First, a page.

Standard Variable Rate Mortgages
The Standard Variable Rate, or SVR, is a type of mortgage where the interest rate of the Bank of England can change, which is affected by the base rate. Each bank sets its own standard floating interest rate, which is usually a few percentage points higher than the Bank of England’s base rate. SVR is one of the more common types of mortgages available, with many leading lenders offering at least one lender and sometimes different rates and terms to choose from.
You will most likely continue with this type of mortgage after you finish Fixed Rate, Follower or Discount Mortgage.
A lender can raise or lower its SVR at any time, and as a borrower, you have no control over what happens to it.
One advantage of this type of mortgage is that you are usually free to overpay or switch to another mortgage agreement at any time without any penalty fees. Another benefit is that if the Bank of England base rate falls, the interest rate will usually fall. The downside is that the rate can increase at any time, which is a concern if you’re on a tight budget. The lender is free to increase the rate at any time, even if the Bank of England base rate does not increase.
Fixed Rate Mortgages
A fixed rate mortgage means that the interest rate is fixed for the duration of the deal. Fixed rate mortgages are suitable for those who want to budget and know exactly what their monthly expenses will be. You don’t have to worry about general increases in interest rates and you can be safe knowing that your payments will not increase during the fixed rate period. An early repayment fee may apply if the mortgage is repaid in a fixed period.
In addition to the Standard Variable Rate and Fixed Rate Mortgages, there are a few other types you may want to consider before choosing the right one for you. You can even combine several options.
Discounted Variable Mortgages
Basically, a Discount Mortgage provides a promotional opportunity. This type of loan is less expensive than the Standard Variable Rate at the start of your mortgage. It allows you to get the discount for a certain period of time at the start of your mortgage, usually the first 2 or 3 years. When the designated period expires, the interest rate will be higher than the Standard Variable Rate.
The initial discount rate and the rate that follows it are variable, so keep in mind that the same as a Standard Variable Rate Mortgage, the amount you pay will vary in line with the Bank of England’s base rate over the term. mortgage. Also note that the discount offered at the beginning can be very good, but you need to look at the overall price offered.
An early repayment fee may apply if the mortgage is repaid during the discount period.
With a Tracker Mortgage, the interest rate is solely dependent on the Bank of England’s base rate. If the Bank of England’s base rate goes up, the interest rate you have to pay also goes up. If the Bank of England’s base rate drops, your monthly repayments will decrease. The Standard Variable Rate Mortgage interest rate is similarly linked to the Bank of England’s floor rate, but can also be changed by the mortgage lender at any time and for any reason. With a Tracker Mortgage, it is guaranteed that the rate will only track the Bank of England’s rate and will not be affected by any other factors.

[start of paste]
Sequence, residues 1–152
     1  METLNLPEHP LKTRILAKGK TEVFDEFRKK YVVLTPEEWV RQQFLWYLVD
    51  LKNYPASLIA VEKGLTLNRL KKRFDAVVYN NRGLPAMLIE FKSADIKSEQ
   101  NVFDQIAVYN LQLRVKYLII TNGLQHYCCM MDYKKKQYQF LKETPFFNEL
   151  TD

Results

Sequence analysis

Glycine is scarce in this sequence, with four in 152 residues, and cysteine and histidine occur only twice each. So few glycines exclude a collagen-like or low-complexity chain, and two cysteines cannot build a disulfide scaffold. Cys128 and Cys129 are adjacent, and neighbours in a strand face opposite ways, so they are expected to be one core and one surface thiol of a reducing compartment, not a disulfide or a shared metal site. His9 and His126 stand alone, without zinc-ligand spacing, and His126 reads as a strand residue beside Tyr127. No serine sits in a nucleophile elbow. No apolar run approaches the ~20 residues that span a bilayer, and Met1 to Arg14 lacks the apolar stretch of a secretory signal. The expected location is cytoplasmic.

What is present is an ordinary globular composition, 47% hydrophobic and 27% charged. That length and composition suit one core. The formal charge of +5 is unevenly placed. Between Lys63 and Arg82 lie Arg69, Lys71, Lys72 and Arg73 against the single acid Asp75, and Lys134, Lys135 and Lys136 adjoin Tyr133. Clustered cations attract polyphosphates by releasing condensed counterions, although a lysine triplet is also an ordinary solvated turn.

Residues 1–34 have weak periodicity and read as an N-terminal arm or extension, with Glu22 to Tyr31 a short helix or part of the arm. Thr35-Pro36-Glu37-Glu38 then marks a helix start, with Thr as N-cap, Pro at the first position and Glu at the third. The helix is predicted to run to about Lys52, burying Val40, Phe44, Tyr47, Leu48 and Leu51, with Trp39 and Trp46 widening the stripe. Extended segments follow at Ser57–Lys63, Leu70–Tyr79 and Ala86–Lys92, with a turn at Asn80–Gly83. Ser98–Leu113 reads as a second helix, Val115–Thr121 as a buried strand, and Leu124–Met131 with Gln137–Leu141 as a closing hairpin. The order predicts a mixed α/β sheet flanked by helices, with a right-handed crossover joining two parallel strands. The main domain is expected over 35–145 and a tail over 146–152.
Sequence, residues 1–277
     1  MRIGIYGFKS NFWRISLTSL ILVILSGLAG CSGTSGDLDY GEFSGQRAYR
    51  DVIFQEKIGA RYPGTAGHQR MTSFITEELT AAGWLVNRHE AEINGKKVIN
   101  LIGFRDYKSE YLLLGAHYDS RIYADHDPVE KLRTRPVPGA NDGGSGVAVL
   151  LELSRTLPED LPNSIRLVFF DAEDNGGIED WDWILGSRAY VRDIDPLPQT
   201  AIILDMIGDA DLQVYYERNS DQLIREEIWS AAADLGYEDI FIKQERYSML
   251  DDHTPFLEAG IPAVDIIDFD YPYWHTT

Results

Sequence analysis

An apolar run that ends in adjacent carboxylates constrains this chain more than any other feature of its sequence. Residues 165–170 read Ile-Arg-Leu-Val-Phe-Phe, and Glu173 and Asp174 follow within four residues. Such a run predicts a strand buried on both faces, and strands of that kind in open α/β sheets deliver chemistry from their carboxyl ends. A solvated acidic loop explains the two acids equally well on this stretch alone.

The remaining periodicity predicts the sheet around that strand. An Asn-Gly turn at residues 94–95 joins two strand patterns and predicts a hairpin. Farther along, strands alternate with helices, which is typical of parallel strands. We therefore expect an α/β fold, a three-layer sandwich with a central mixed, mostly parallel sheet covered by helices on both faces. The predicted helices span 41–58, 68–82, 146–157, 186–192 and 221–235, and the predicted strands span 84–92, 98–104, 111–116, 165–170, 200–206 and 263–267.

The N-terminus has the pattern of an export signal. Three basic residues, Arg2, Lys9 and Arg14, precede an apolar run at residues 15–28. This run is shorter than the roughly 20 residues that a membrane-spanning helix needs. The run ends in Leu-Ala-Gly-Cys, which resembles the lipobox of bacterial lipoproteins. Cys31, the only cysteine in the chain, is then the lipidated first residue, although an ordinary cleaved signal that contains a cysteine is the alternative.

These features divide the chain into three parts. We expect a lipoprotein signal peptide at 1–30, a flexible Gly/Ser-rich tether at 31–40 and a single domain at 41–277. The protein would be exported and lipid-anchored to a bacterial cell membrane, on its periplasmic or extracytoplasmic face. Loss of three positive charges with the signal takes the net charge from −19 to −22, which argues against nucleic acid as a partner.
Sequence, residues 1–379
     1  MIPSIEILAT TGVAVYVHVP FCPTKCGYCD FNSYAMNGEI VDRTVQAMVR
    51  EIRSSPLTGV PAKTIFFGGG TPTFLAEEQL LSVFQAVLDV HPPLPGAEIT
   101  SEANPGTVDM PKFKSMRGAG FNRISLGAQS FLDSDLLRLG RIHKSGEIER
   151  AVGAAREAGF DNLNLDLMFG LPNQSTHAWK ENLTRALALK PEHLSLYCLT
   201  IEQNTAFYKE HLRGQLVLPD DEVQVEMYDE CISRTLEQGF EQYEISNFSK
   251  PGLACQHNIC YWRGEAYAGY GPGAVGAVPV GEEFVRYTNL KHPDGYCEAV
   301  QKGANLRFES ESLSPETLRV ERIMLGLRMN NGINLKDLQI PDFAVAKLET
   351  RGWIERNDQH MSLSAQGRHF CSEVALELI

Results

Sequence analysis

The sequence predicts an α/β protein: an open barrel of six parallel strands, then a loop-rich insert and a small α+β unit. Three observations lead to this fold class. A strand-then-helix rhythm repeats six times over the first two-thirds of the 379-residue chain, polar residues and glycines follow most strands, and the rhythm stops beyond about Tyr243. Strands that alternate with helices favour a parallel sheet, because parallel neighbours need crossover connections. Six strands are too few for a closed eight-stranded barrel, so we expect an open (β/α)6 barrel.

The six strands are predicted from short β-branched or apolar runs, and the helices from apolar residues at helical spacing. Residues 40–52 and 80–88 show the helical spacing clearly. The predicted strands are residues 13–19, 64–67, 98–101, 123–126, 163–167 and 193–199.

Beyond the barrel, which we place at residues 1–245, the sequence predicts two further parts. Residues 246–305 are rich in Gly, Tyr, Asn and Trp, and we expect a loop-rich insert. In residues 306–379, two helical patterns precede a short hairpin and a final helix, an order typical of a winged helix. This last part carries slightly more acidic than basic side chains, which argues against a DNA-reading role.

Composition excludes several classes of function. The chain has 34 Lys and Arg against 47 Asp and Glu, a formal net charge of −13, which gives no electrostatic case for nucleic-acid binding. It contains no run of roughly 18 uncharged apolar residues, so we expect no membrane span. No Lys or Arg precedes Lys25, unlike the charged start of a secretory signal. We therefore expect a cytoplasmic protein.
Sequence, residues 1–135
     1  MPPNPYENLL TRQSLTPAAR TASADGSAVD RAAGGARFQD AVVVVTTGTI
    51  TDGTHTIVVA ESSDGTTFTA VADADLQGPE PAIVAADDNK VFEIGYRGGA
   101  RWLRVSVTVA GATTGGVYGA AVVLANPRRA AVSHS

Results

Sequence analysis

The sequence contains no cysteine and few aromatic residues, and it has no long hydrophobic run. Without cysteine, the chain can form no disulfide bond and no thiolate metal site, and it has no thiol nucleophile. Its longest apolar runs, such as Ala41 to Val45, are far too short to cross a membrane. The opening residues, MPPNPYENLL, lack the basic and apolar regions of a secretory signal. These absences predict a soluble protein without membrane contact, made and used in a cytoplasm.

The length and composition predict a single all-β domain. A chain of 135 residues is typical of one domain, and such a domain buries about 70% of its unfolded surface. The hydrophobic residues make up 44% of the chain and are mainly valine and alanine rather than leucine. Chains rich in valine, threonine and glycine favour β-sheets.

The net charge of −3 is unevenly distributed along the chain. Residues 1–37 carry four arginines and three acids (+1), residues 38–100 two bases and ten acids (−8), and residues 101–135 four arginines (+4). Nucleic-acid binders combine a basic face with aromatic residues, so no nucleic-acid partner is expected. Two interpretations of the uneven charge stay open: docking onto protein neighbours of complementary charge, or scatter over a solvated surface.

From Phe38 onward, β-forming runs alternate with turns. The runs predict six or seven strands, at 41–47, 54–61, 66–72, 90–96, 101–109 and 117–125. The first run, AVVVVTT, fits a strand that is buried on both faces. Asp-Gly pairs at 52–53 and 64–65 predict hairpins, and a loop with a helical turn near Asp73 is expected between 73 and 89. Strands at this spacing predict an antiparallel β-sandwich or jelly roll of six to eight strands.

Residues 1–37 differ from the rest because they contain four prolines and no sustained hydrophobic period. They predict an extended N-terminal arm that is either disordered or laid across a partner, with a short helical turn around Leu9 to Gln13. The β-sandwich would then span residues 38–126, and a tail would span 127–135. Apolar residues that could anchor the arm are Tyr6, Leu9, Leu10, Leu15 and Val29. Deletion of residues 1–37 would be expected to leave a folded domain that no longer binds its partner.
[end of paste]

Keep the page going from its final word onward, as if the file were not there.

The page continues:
This type of mortgage is designed to meet your changing financial needs. It can allow you to overpay, underpay, or even take payment holidays. You can also make lump-sum payments with no penalty. If you overpay, you can borrow it back. However, to provide all this flexibility, interest rates on Flexible Mortgages can be expected to be higher than most other repayment mortgages.
Limited Interest Mortgages
Limited Rate Mortgages, similar to Standard Variable Rate Mortgages, offer you a floating interest rate. The difference is that your rate will have an upper limit. This ensures that the rate will not rise above a certain amount.
It sounds like a big deal, but it has a downside. The bank will start the mortgage at a higher interest rate than the regular standard variable rate or fixed rate. This is to cover the bank if future interest rates go above the rate they limit for you.
Also, the upper limits tend to be quite high, so the Bank of England’s base interest rate is unlikely to rise above that for the duration of the mortgage.
Since the bank can adjust the rate on this mortgage at any time up to the cap, it’s best to think of the cap as the maximum amount you may have to pay each month.
Offset Mortgages are sometimes known as Current Account Mortgages. They tie your bank account to your mortgage. If you have savings, they will go towards the mortgage balance. For example, if you have £20,000 in savings and a £200,000 mortgage, you will have to pay interest on the £180,000 balance. You do not receive any interest on your £20,000 savings, but you do not have to pay interest on your £20,000 mortgage.
Some Offset Mortgages are only linked to your current account, while others are linked to both your current and savings accounts. Offset Mortgages are also available in fixed rate deals or a range of variable rate offers.